Cyclical, long-term estrogen injections protected brain cells from age-related deterioration, according to a new study conducted at Mount Sinai School of Medicine. The study suggests that age is a factor in estrogen treatment and sheds light on the intricate relationship between mind, age, and hormones.
In a multi-center study comparing older rhesus monkeys with younger female monkeys, researchers found that estrogen significantly improved cognitive function in older animals but not in young monkeys. The study was led by Jiandong Hao, MD, PhD, Assistant Professor of Neuroscience, and senior co-author John H. Morrison, PhD, Dean of Basic Sciences and the Graduate School of Biological Sciences, and the W.T.C. Johnson Professor of Geriatrics and Adult Development (Neurobiology of Aging). Peter Rapp, PhD, Interim Chair of the Department of Neuroscience and Associate Professor of Neuroscience, and Geriatrics and Adult Development, led the behavioral phase of the study. Partrick Hof, MD, the Irving and Dorothy Regenstreif Research Professor Neuroscience, and William Janssen, a researcher in Neurobiology of Aging, also contributed to the research.
Working with colleagues from the University of Toronto and the University of California-Davis, Drs. Morrison, Rapp, and Hao compared the outcomes of four groups of female monkeys that were ovarectomized, which induced menopause: old monkeys that received estrogen, old monkeys that did not receive estrogen, young monkeys that received estrogen, and young monkeys that did not receive estrogen. The treated animals received pure estradiol injections every 21 days while being tested on a series of cognitive tasks over the course of more than two years.
Cognitive performance tests showed the older treated animals performed almost as well as the younger animals, whereas older untreated animals displayed dramatic cognitive decline. Surprisingly, the younger animals performed equally well with or without estrogen treatments. The aged animals had their ovaries removed around the time of perimenopause--before the onset of full menopause--and began treatment within months of ovariectomy.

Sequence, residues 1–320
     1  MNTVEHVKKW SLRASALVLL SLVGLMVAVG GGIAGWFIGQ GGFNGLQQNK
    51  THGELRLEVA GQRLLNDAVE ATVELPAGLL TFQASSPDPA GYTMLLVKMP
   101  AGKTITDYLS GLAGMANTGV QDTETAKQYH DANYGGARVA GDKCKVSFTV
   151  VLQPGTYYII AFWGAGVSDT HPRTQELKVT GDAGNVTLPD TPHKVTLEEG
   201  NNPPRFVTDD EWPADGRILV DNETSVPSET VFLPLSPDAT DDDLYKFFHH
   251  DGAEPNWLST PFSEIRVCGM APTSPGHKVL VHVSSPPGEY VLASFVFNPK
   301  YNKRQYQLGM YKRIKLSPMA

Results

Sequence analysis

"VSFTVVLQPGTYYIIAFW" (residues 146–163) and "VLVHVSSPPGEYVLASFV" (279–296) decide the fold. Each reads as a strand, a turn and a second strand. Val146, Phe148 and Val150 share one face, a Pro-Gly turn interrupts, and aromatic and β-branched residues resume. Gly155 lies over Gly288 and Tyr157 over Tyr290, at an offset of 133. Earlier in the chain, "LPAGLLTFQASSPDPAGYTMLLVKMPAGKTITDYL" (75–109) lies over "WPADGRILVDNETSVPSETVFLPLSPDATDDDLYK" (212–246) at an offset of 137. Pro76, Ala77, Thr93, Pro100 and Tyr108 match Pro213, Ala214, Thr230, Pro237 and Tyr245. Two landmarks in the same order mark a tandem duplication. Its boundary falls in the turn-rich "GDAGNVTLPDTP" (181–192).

Microscopic studies conducted after the cognitive testing was completed revealed that in the prefrontal cortex--a region of the brain associated with cognitive tasks that Dr. Rapp used to test the monkeys--the older estrogen-treated animals showed a greater density of synaptic spines--tentacle-like structures that link brain cells to one another and aid in brain cell communication--while the older untreated animals showed no such neuronal growth. These spines are critically important for learning and memory.
The findings indicate that the debate on the potential benefits of postmenopausal hormone therapy is not yet over, says Dr. Morrison. "There's been a great deal of confusion as to whether estrogen helps or harms post-menopausal women, and our findings tell us is that there is a very critical window of opportunity in which estrogen therapy may be helpful."
Dr. Morrison notes that this critical window may be around the time of perimenopause, in which cyclical estrogen treatments as used in this study may be particularly effective in protecting the brain from age-related decline.
"We found that this increase in synaptic spines in the prefrontal cortex in the older estrogen-treated monkeys appears to have prevented age-related cognitive decline," Dr. Morrison explains. "Importantly, the increase was most pronounced among the small spines that are highly plastic and particularly important for learning and memory. Young monkeys retain a high number of these small spines even without estrogen, which explains their ability to perform well on the cognitive tasks. Estrogen levels decline in old age, so the brain may need a certain amount of circulating estrogen to remain supple. Timing may be everything."
"The increase we observed in small, thin spines suggests that estrogen allows for greater neuroplasticity, says Dr. Morrison. "Synaptic spines are lost during aging, and interestingly, it is the dynamic nature of the small-headed spines that are critical to the formation of new memories."
The younger animals retain neural plasticity in the absence of estrogen, Dr. Morrison explains, "but what's happening with the older animals is this double hit of both age and estrogen decline. These particular brain cells are not resilient enough anymore to endure this kind of double hit."
Rhesus monkeys undergo menstrual cycles and a menopause that closely mimics those of humans. Although it is well known that estrogen affects brain function, what is unclear is what form of estrogen works best, when estrogen should be given, and how much is needed to be effective. It is possible, the researchers note, that administering the same cyclical estradiol treatments to very old monkeys would result in less benefit.
"It's possible a middle-aged brain reacts differently to estrogen than a young brain, and that a very old brain might not react to estrogen at all," Dr. Morrison explains, "so this window of opportunity may be fairly narrow--we just don't know yet. If the brain is too old, then age-related decline may be difficult to reverse. However, our study suggests that if we jump before it's too late, we may possibly prevent memory loss." What is also unclear, Dr. Morrison adds, is at what point the natural course of aging trumps the effects of any estrogen treatment.
Drs. Rapp and Morrison plan to extend their research through similar behavioral and microscopic studies in monkeys that have not been ovarectomized, so that the aging process is more natural and not acutely induced.
The study will be published in the online edition of Proceedings of the National Academy of Sciences during the week of June 25.
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